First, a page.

Back to Journals » Clinical Ophthalmology » Volume 12

Association of treatment adherence with real-life VA outcomes in AMD, DME, and BRVO patients

Authors Ehlken C, Helms M, Böhringer D, Agostini HT, Stahl A

Received 13 September 2017

Accepted for publication 13 November 2017

Published 20 December 2017 Volume 2018:12 Pages 13—20


Checked for plagiarism Yes

Review by Single anonymous peer review

Peer reviewer comments 3

Editor who approved publication: Dr Scott Fraser

Christoph Ehlken,1,2 Mandy Helms,1 Daniel Böhringer,1 Hansjürgen T Agostini,1 Andreas Stahl1

1Ophthalmology, Eye Center, Medical Center, Faculty of Medicine, University of Freiburg, Freiburg im Breisgau, 2Ophthalmology, Eye Center, University Hospital Schleswig-Holstein, Campus Kiel, Germany

Purpose: Real-life clinical outcomes of patients treated with anti-VEGF drugs for neovascular age-related macular degeneration (nAMD), diabetic macular edema (DME), or macular edema secondary to branch retinal vein occlusion (BRVO) are often inferior to results from randomized clinical trials. This observational cohort study investigates treatment adherence and real-life clinical outcomes within the first year of treatment.
Patients and methods: A total of 708 treatment-naïve patients (466 nAMD, 134 DME, and 108 BRVO) were included. Patients were followed with a PRN treatment protocol with three intravitreal injections (IVIs) and a series of 3 monthly injections in case of persistent or recurrent disease activity, as determined by monthly follow-up exams including optical coherence tomographies. Occurrence of gaps of >56 days between treatments or follow-up (nonadherence [NA]) and the reasons for NA (patient- or center-associated) as well as disease activity within the first 12 months of treatment were analyzed. Visual acuity (VA) as well as numbers and dates of optical coherence tomography and IVI were extracted from medical records.
Results: NA occurred significantly more often in patients with DME (44%) than nAMD (32%) or BRVO (25%, p<0.01 between groups). NA was mainly patient-associated (nAMD: 80.0%, DME: 83.1%, BRVO: 70.4%, p=0.38 between groups). Patients with nAMD and DME and appropriate treatment/follow-up adherence had a better chance of significantly gaining or maintaining VA, respectively (19.9% vs 12.0% with 3-line-gain in nAMD and 1.3% vs 15.3% 3-line loss in DME; each p<0.05). NA did not correlate with VA outcomes in BRVO (3-line gain 30.9% vs 48.1% and 3-line loss 8.6% vs 7.4%; p>0.05).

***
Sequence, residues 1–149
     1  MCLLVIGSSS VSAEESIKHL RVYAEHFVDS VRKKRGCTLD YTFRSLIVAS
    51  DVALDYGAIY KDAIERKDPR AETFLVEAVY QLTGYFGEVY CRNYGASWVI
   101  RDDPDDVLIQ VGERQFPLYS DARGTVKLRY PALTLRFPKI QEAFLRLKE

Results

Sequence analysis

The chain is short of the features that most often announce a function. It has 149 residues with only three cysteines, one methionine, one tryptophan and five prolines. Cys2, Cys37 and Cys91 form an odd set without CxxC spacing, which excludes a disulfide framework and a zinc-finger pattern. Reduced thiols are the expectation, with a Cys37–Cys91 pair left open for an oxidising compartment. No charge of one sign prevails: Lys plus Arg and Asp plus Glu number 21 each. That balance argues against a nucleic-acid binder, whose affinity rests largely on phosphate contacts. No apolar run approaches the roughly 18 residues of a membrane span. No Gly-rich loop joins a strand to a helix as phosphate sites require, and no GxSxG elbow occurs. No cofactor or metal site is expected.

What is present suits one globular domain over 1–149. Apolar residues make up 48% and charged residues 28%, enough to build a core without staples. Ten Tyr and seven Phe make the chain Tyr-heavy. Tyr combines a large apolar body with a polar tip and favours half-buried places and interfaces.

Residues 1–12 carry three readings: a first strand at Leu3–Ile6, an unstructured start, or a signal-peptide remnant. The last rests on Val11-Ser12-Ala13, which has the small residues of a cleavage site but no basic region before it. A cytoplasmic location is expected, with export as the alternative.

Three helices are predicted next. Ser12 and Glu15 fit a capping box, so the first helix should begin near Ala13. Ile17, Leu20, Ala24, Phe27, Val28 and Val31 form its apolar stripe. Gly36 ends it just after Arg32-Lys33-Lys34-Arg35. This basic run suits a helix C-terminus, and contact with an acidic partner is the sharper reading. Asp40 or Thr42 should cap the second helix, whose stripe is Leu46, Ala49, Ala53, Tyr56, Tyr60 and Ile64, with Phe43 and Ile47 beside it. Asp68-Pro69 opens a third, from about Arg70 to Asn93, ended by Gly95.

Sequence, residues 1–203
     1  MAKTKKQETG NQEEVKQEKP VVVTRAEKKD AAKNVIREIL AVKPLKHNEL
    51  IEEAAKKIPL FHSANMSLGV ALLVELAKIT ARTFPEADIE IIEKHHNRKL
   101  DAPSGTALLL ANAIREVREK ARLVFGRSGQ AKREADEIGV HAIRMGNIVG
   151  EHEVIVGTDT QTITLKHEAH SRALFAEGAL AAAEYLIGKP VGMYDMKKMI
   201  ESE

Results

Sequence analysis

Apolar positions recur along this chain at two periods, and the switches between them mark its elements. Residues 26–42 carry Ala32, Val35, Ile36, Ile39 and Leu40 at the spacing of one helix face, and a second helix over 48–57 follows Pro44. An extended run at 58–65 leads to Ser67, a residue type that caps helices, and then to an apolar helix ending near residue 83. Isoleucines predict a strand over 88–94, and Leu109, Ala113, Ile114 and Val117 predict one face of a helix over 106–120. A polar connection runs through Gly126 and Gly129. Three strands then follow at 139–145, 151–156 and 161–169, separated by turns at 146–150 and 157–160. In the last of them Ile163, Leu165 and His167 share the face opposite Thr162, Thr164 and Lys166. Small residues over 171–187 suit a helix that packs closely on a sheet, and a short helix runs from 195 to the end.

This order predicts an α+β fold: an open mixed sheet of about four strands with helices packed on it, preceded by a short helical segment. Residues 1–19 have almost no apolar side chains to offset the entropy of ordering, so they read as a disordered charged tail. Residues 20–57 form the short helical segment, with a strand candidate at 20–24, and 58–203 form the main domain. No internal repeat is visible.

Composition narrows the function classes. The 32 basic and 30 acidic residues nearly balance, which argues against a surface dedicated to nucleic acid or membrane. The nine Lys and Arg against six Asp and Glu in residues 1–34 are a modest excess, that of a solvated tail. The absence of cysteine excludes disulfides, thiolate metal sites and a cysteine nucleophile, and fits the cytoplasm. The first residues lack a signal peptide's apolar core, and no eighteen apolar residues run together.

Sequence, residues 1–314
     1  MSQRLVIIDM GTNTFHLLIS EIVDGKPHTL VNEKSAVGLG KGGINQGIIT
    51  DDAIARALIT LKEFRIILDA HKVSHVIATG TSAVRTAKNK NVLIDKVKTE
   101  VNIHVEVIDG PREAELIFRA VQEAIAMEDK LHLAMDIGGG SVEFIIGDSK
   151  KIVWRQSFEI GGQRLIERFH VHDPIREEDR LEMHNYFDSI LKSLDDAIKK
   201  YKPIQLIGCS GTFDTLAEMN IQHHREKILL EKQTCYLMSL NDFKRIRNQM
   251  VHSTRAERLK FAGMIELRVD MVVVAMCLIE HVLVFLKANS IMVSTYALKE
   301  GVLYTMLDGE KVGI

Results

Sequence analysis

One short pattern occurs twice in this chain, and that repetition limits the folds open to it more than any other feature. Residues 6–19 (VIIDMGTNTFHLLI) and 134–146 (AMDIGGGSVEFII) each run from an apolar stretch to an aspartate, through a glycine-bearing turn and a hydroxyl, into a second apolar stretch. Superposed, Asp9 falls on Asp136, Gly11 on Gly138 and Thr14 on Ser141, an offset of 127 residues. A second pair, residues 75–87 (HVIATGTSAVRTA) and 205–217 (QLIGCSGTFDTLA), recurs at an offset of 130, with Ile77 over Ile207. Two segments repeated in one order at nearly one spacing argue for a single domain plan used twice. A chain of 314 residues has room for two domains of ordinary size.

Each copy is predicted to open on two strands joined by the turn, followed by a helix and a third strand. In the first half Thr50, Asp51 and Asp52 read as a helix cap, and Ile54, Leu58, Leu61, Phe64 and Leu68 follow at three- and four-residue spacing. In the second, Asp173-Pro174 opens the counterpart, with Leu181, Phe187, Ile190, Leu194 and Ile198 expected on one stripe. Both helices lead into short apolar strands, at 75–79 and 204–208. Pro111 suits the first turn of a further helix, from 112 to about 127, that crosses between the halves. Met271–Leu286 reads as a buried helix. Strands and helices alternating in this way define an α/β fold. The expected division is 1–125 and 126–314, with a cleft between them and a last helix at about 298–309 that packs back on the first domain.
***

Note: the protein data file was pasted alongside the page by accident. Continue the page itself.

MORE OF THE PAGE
Conclusion: NA to treatment and follow-up regimens is a common problem in the management of patients with AMD and DME and limits clinical treatment outcomes under real-life conditions. Patients with DME have the highest risk of patient-associated NA, associated with a higher risk for significant VA loss.

AMD, RVO, DME, adherence, anti-VEGF, PRN, follow-up


The efficacy of anti-VEGF treatment with ranibizumab, bevacizumab, or aflibercept has been proven in several Phase III randomized clinical trials for neovascular age-related macular degeneration (nAMD),1,2 diabetic macular edema (DME),3,4 and branch retinal vein occlusion (BRVO).57 Phase IV trials, however, found inferior clinical outcomes under real-life conditions compared with controlled treatment trials.810

In AMD, Phase III trials found a significant gain in best-corrected visual acuity (BCVA) after treatment that could be maintained over a course of 24 months.1,2,11 Real-life studies, however, found only a stabilization of BCVA and the initial VA gain was lost over time in most patients. A subgroup analysis of the AURA study revealed that differences in the management of patients with nAMD in different countries (eg, in regard to the number of intravitreal injections (IVIs) administered, or the number of examinations and optical coherence tomography (OCT) performed) were associated with differences in clinical outcomes.9 There was a tendency toward better clinical outcomes in countries where more control examinations, OCTs, and IVI were performed. In DME, VA outcomes might be comparable between Phase III studies and clinical reality with a higher proportion of patients keeping their initial BCVA gains.1214 However, most of this data are derived from extensions of Phase III trials and might not correctly represent true clinical reality. For BRVO, there is only little evidence available on long-term real-life outcomes.

Identifying the factors that contribute to inferior treatment outcomes in clinical real-life settings is important to deliver best possible care to IVI patients. A longer distance between the patients’ home and their treatment center, subjective dissatisfaction with treatment results, the burden of frequent follow-up visits, high age, low BCVA at baseline, or poor patient knowledge have been associated with reduced treatment outcomes in nAMD,15,16 probably by promoting nonadherence (NA). NA can be defined as a deviation from treatment recommendations (either by the patient or by the treating physician/center). There are only limited data on NA in macular diseases other than AMD. In addition, there are no studies distinguishing between center- and patient-associated NA.

In this study, we analyze the extent and impact of NA in nAMD, but also in DME and BRVO, and we seek to differentiate between patient- and center-related reasons.

Patients and methods

Study design

All patients in this retrospective, observational cohort study were treated at the Eye Center, University of Freiburg, Germany, according to the treatment recommendations of the German Ophthalmic Society and the German Retina Society (available at,18 The study was registered in the German Clinical Trials Register (DRKS) as DRKS00007999. Ethical approval was obtained from the institutional review board of the University of Freiburg, Germany. Patients signed written informed consent prior to inclusion in the study.